401k and Roth IRA Basics

My retirement will certainly involve more flights at more breweries. Sadly, this particular brewery did not live up to its hype in my opinion but it was still a great time!

Do you love paying taxes? Ok, stupid joke. But today I want to talk about a couple of great ways to pay a little less and help your future self out in the process. For those who ignore the almost nonstop reminders in the media, the United States has a massive retirement crisis in its not so distant future. It seems that in spite of this being the richest country in the history of mankind, nearly half of everyone living here HAS NOT SAVED A SINGLE FUCKING PENNY for retirement. Many of the people who have saved at least something are still woefully short of where they need to be. With obviously unsustainable pensions (otherwise known as defined benefit plans) mostly relegated to the history books, the criminals fine, upstanding people in charge realized they would have riots in the streets if they didn’t toss a little bread out to those pesky subjects citizens. And thus, some new tax advantaged retirement savings options were born. So far, they don’t seem to be helping much, but that’s why I and countless others are writing posts like this one. 401ks and Roth IRAs are the two most common tax advantaged retirement savings options and an overview of the basics of both is below.

Both of these offer tax breaks, but only to people wise enough to take advantage of them. In my opinion, they should both be maxed out if possible prior to investing in anything else excluding building an emergency fund – which is actually saving, not investing. And yes, there are other types of these but they are less common and I’m writing for a mass audience. And yes, there are various tricks and loopholes that entire posts could be written on but this particular post is just meant to be a general primer. Also, I am not a tax professional and I don’t know the details of your situation so nothing in this post constitutes specific tax advice. This is for information only. Here are the basics.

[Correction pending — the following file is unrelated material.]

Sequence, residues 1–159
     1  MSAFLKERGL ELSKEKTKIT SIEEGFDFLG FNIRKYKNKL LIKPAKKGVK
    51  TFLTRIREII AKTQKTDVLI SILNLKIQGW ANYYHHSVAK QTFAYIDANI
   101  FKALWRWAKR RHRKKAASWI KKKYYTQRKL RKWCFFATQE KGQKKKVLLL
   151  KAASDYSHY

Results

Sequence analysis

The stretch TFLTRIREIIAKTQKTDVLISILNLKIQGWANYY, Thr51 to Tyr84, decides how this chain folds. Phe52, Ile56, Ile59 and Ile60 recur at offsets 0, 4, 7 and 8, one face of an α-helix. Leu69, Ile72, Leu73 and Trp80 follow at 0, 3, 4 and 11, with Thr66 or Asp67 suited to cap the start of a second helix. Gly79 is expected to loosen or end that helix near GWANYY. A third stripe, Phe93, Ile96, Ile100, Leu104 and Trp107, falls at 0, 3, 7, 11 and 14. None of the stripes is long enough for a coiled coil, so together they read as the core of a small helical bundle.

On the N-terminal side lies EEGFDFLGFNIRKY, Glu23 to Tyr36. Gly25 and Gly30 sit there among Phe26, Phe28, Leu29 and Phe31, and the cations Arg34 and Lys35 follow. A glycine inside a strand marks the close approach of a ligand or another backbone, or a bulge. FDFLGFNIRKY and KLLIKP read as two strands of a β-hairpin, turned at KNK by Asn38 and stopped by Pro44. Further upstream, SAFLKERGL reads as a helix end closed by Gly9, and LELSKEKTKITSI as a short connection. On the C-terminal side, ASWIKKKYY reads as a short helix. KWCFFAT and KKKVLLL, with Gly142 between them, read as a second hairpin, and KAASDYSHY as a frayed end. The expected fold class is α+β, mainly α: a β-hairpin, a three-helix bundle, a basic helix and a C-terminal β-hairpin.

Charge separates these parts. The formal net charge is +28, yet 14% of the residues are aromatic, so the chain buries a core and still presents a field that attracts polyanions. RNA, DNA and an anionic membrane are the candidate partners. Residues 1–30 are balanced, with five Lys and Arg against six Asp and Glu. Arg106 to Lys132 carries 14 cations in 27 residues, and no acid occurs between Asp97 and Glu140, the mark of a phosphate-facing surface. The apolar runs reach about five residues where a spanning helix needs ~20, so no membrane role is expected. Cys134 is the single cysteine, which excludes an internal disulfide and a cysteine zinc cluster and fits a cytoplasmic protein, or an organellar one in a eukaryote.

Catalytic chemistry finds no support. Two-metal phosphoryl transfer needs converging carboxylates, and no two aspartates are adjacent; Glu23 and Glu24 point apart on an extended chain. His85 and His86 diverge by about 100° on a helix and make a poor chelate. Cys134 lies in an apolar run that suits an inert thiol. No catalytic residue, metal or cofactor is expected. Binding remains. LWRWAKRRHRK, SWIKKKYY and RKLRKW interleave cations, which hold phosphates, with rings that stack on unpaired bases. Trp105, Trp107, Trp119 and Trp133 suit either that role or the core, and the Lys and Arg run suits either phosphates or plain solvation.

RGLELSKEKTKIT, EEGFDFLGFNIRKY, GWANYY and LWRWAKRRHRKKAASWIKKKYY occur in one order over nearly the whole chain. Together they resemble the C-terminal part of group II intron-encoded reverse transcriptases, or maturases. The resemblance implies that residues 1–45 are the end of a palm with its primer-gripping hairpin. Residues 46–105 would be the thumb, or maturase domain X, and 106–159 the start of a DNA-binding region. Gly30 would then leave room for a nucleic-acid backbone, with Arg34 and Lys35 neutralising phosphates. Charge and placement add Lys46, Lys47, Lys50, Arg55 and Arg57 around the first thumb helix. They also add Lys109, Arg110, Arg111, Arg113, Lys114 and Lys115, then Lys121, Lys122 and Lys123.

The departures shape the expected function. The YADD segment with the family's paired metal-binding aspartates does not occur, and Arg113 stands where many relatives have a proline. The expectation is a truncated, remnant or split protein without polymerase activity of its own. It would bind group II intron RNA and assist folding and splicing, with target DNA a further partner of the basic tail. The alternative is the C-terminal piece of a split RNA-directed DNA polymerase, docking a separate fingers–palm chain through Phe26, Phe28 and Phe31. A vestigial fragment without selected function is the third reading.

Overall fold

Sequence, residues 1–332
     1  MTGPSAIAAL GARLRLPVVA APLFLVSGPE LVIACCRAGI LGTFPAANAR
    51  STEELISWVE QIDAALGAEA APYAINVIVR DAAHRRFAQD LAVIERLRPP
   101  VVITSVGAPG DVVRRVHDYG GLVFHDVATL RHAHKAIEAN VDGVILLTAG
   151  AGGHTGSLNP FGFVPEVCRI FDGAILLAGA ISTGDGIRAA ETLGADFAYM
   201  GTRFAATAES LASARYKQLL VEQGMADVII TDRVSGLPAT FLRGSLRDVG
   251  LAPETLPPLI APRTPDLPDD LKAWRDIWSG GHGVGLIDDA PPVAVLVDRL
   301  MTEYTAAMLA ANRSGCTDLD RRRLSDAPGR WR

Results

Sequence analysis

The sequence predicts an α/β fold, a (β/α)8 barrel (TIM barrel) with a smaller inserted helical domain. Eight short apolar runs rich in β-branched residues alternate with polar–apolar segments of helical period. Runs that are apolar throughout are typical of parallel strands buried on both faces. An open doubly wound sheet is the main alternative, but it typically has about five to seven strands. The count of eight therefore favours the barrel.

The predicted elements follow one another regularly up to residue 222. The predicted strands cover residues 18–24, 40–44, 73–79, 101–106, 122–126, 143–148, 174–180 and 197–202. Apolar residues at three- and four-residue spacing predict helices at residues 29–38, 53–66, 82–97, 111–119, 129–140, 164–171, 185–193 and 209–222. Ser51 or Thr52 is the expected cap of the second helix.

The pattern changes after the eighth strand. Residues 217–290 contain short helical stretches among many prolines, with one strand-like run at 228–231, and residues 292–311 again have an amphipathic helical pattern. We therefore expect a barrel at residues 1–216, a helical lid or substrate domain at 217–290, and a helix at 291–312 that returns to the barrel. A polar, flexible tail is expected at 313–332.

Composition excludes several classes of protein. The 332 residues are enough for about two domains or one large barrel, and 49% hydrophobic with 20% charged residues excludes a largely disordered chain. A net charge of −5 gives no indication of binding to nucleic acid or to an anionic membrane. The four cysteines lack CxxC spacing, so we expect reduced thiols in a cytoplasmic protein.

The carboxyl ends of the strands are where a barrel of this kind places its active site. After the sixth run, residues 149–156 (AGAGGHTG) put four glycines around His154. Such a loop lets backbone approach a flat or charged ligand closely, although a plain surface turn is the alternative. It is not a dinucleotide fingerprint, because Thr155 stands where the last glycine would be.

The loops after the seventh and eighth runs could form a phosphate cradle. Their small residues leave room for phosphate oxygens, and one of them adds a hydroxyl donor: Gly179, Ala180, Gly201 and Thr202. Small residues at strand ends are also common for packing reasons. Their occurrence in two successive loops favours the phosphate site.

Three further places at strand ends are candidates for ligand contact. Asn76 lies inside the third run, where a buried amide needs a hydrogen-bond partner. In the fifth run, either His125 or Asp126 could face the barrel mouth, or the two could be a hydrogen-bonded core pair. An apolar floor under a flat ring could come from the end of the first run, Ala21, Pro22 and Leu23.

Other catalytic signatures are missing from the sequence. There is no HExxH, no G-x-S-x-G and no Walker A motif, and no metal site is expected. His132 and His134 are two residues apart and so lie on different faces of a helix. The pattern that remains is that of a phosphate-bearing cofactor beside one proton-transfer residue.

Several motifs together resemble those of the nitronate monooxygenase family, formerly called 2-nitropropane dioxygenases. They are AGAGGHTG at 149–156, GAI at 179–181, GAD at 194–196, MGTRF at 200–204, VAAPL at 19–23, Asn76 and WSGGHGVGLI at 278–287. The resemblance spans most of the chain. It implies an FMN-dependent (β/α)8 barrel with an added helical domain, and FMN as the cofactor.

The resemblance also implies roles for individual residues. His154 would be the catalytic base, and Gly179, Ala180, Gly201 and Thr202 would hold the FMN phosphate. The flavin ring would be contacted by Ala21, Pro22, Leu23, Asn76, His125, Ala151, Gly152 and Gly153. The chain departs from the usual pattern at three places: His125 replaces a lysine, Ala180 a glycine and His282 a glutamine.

401k

  • Usually offered by an employer
  • Maximum contribution for 2019 is $19,000 + $6000 “catch up” for people 50 and older
  • Employers often match up to a certain percentage of your income if you contribute at a required level
  • No phase outs but HCEs (highly compensated employees) may potentially have their contributions limited
  • Contributions lower taxable income in the current tax year
  • Distributions are taxed when taken
  • Cannot take distributions prior to age 59.5 without being taxed and charged a 10% penalty

Roth IRA

  • Usually not offered by an employer
  • Maximum contribution for 2019 is $6000 + $1000 “catch up” for people 50 and older
  • Phase outs starting at $122k MAGI (modified adjusted gross income) and completed by $137k for single filers, or $193k and 203k for married filing jointly
  • Contributions are made using post tax dollars
  • Distributions are not taxed
  • Contributions can be withdrawn prior to 59.5 but earnings withdrawn prior to 59.5 will be taxed and penalized except in specific “qualifying” circumstances

I think the easiest general concept to remember about the difference between the two is this: 401ks are taxed on the back end, Roth IRAs are taxed on the front. To get the maximum benefit, you need to contribute $25k in 2019, assuming you are 49 or younger and not prevented from it by having a very high income.